I am fully confident that we will have rail in Detroit. We need it. The demand and the benefits are indisputable. Like so many people, I dream about it. I picture myself using it every time I commute.
That said, the cancellation of this specific light rail project does not surprise me -- nor does it particularly disappoint me. The project was fraught with problems from the beginning. That is true of the older "M-1 Rail" private initiative, as well as the city-led Woodward Light Rail plan.
Over the life of the project, two themes dominated: light rail as a monument to local powerbrokers and as a silver bullet for economic development.
As a career transit professional, I was puzzled to see so much emphasis on the people rather than the project. Good intentions aside, these champions failed to enlist expert advice at critical moments. Instead of an effective public-private partnership, we ended up with a perverse private-public flip-flop: "investors" were to bankroll an inherently unprofitable public utility. With their money tied up in infrastructure, after all, who would invest in real estate along the line?
As for the second theme, the positive economic impacts of rail are proven worldwide. But those successes aren't based on rail alone. They are the result of special zoning, mixed land uses and hundreds of small development projects happening along the rail corridor. In Detroit, we gambled on an unrealistic sequence: build the rail first and then hope that everything would happen afterward. Oh, and forget about those hundreds of small projects -- we'll handpick a few big projects favored by the in-crowd and call it done.
In the background, actual or near-actual developments along Woodward hardly oriented themselves to transit. The most egregious of them all is Gateway Park at the State Fairgrounds -- a single-use, parking-centric power center with no meaningful provision for rail, pedestrian or bike access. Elsewhere on Woodward, new construction consisted largely of gas stations and strip malls. That is not the face of a vibrant transit corridor -- or a healthy urban center.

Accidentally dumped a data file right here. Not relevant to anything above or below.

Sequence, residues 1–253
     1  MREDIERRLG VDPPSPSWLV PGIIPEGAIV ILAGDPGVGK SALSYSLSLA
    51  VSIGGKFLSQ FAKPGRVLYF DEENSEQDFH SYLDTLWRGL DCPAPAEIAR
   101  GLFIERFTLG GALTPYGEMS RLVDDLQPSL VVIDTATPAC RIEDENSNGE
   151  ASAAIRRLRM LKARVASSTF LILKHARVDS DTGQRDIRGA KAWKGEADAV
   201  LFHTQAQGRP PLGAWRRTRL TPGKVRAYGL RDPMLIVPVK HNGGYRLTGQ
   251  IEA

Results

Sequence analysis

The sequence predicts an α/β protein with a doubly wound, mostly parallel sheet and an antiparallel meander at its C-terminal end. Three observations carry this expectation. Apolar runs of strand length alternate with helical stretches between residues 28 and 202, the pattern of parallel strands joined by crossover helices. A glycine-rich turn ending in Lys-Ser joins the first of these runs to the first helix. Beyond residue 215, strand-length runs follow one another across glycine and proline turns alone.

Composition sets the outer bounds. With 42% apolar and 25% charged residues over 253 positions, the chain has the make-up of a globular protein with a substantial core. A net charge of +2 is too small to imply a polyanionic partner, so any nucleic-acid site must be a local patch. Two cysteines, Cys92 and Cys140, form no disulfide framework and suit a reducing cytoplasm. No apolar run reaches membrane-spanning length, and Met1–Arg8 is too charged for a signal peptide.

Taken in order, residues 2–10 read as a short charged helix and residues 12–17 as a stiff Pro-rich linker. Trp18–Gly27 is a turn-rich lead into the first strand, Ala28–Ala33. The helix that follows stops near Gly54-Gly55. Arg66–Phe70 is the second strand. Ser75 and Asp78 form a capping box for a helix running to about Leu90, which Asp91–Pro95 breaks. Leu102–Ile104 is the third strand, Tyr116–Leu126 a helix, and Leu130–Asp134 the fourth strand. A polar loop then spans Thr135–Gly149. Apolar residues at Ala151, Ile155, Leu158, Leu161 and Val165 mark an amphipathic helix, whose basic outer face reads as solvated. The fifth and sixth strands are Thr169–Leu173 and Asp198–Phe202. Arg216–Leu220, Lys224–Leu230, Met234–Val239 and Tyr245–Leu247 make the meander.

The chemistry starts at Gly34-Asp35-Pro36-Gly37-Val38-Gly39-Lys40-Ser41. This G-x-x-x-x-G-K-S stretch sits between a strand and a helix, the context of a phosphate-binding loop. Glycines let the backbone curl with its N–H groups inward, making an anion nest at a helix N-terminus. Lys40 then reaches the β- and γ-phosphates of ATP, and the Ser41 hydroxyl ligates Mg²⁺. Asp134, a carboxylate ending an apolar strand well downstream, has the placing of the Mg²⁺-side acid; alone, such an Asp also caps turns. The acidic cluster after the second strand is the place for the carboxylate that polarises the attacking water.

Remember the People Mover? This piecemeal approach is why it never reached its expectations. True, Woodward rail would have connected nodes rather than making circles. But there's still a fundamental lesson that we have not learned: transit is an important ingredient, but it's not the only ingredient. To quote Ben Falik, "The People Mover didn't fail Detroit so much as Detroit failed the People Mover." Or, as once quipped on DetroitYes: "Just because you have eggs, cheese and vegetables, doesn't mean you have an omelette."
For all the talk of legacy and development, one topic rarely entered the equation: the line's functionality as a transit service. Transit is a system -- not a vacuum-sealed package. Supporters point to Dallas, Denver, Houston, Salt Lake City as successful single-line starter systems. And they're right. But those systems feature a vital element which, to us, was a pesky afterthought: connectivity with the bus system.
Challenges notwithstanding, we politicked our way to federal funding for rail. But Federal Transit Administration (FTA) money has a very logical string attached: if you want hundreds of millions of dollars from Washington, you need to prove your ability to operate the new service for at least 25 years. We tapped Gilbert and Penske for an up-front capital investment - but should they be on the hook for $10-$15 million every single year to keep the trains running? No one ever addressed that question seriously.
Meanwhile, as the FTA is going through its standard checklist, our current transit systems are literally falling apart. The city has threatened to close the People Mover. No one knows what to do with DDOT. And, earlier this week, SMART put into effect devastating, ill-conceived service cuts. Nothing is coordinated. Nothing is moving toward a plan. It's all spiraling out of control, and the best answer that anyone around here can offer is "blame the unions."
What does this all look like if you're Ray LaHood? Objectively, not a very wise investment of federal money -- especially when other metropolitan areas have their acts together. Consider rapid bus service -- our consolation prize. Implemented properly, bus lines connect real dots and lay the groundwork for rail. As demonstrated in Los Angeles, Pittsburgh and Ottawa, buses can hold their own when it comes to service quality and appeal. Really.
All the breath-holding, finger-crossing and wood-knocking in the world aren't going to build us a transit system. Transit is a complex undertaking and a technical profession; this is what we Detroiters can't seem to grasp. If we want a credible transit plan, we'll need credible transit planning. That much is simple.
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